Little girl with tactile defensiveness wearing a red cape pretending to fly like a superhero.

If you are familiar with tactile sensitivities or defensiveness, you know that it can impact every aspect of someone’s life, primarily in children. If you do not struggle with sensory issues, you may not be aware of the constant sensory processing that occurs with every little thing that happens around us. Our brains constantly use processing information to help us see, hear, touch, taste, and feel the world around us. There is also a lot of sensory information that our brains might filter out and tell us not to worry about, such as background noises, particular tastes, breezes, or the feel of our clothing. However, this is not always the case for children with sensory sensitivities or tactile defensiveness.

In today’s blog, we will discuss what tactile symptoms look like and share some tips on managing sensitivities in your child.

What is Tactile Defensiveness?

Often referred to as tactile or touch sensitivity, tactile defensiveness (TD) is a term used to describe an over responsiveness to tactile input. Essentially, it refers to an adverse reaction someone may experience with touch. Although it is common for children with Autism Spectrum Disorder (ASD) to experience sensory issues such as tactile sensitivity, it can be found in any child who has sensory difficulties.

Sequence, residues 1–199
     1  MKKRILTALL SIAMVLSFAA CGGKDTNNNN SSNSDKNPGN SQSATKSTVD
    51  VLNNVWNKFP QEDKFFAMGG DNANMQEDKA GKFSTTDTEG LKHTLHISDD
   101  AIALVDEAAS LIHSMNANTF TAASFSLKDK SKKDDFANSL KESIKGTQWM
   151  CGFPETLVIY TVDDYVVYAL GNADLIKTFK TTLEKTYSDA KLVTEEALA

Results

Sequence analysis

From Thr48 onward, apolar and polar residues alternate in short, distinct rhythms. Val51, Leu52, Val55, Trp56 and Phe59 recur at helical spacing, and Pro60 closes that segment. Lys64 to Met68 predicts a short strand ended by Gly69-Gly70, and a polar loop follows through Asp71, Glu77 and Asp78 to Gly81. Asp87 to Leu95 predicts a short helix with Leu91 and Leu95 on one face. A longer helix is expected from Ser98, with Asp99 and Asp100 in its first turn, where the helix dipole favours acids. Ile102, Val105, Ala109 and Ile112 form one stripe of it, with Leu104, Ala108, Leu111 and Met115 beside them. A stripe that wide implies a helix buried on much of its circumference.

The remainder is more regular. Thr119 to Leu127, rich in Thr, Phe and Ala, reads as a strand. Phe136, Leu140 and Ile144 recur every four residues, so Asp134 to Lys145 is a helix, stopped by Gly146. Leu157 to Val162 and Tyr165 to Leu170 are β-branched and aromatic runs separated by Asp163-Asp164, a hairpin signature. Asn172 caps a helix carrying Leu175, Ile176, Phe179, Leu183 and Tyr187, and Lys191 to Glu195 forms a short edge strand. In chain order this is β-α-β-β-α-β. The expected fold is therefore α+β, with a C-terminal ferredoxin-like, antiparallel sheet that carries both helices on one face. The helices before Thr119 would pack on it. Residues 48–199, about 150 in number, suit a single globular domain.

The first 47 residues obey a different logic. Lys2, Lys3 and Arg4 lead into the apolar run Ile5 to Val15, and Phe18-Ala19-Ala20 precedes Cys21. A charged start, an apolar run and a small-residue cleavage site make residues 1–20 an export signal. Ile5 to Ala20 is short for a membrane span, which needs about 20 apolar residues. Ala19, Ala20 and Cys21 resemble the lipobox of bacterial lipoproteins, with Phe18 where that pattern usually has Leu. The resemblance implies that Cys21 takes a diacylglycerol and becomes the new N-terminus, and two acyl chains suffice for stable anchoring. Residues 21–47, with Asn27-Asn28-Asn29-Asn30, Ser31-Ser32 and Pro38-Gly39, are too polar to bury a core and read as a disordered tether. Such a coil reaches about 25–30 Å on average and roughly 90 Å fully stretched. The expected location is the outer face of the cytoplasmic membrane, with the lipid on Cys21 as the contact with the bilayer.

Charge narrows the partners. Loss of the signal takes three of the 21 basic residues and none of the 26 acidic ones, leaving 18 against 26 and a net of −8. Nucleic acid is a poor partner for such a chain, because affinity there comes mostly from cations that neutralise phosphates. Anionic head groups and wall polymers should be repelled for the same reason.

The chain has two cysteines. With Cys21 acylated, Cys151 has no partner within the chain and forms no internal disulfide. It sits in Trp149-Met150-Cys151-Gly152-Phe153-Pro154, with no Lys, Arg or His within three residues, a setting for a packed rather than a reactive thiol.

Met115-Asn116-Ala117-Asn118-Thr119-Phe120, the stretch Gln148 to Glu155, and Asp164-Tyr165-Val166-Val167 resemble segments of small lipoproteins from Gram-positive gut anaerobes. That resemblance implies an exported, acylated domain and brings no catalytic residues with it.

As we mentioned before, our brain filters out a lot of non-threatening sensory information such as background noise, touch, and how our clothes feel on our skin. When our brains filter this information out, we usually can move on unbothered, without giving it a second thought. However, if an individual has TD, there is no filter. These “non-threatening sensations” become a much more serious issue, causing feelings of stress and anxiety that can impede day-to-day activities.

These feelings can be so overwhelming because the brain is basically telling your body to go into fight or flight mode to protect itself from these threatening sensations.

Tactile sensitivities can look different for every individual and can be more evident in some cases, but here are some examples of the most common signs:

  • Does not like to be touched
  • Avoids crowds
  • Avoids loud sounds
  • Dislikes having fingernails cut
  • Can become anxious when putting on certain clothes (or sometimes refuses to put on clothes at all)
  • Quickly overwhelmed
  • Issues with texture (clothes, food, etc.)
  • May struggle with daily routines such as brushing teeth or even bathing (anything requiring tactile input)
  • Dislikes wearing pants or restrictive clothing around the legs
  • Dislikes hair cuts
  • Dislike seams in clothing
  • Excessively ticklish

Is Tactile Defensiveness Related To Autism?